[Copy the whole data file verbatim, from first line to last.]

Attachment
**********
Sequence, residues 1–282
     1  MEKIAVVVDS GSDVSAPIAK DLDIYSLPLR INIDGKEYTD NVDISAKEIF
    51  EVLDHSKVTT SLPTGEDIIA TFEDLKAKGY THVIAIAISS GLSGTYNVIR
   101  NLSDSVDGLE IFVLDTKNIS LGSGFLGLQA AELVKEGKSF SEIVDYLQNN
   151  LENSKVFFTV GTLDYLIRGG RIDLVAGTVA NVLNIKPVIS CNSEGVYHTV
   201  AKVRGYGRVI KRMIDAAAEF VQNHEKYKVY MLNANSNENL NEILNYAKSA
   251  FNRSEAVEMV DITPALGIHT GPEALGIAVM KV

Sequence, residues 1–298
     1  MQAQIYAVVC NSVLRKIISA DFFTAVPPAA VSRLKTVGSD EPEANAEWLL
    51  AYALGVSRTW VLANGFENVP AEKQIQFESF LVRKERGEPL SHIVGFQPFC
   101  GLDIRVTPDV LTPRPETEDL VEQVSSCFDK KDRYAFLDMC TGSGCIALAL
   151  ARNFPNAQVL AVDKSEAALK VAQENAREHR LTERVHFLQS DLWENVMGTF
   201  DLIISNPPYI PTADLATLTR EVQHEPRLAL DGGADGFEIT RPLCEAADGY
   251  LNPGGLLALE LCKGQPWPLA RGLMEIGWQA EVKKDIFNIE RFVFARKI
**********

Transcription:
Sequence, residues 1–282
     1  MEKIAVVVDS GSDVSAPIAK DLDIYSLPLR INIDGKEYTD NVDISAKEIF
    51  EVLDHSKVTT SLPTGEDIIA TFEDLKAKGY THVIAIAISS GLSGTYNVIR
   101  NLSDSVDGLE IFVLDTKNIS LGSGFLGLQA AELVKEGKSF SEIVDYLQNN
   151  LENSKVFFTV GTLDYLIRGG RIDLVAGTVA NVLNIKPVIS CNSEGVYHTV
   201  AKVRGYGRVI KRMIDAAAEF VQNHEKYKVY MLNANSNENL NEILNYAKSA
   251  FNRSEAVEMV DITPALGIHT GPEALGIAVM KV

Sequence, residues 1–298
     1  MQAQIYAVVC NSVLRKIISA DFFTAVPPAA VSRLKTVGSD EPEANAEWLL
    51  AYALGVSRTW VLANGFENVP AEKQIQFESF LVRKERGEPL SHIVGFQPFC
   101  GLDIRVTPDV LTPRPETEDL VEQVSSCFDK KDRYAFLDMC TGSGCIALAL
   151  ARNFPNAQVL AVDKSEAALK VAQENAREHR LTERVHFLQS DLWENVMGTF
   201  DLIISNPPYI PTADLATLTR EVQHEPRLAL DGGADGFEIT RPLCEAADGY
   251  LNPGGLLALE LCKGQPWPLA RGLMEIGWQA EVKKDIFNIE RFVFARKI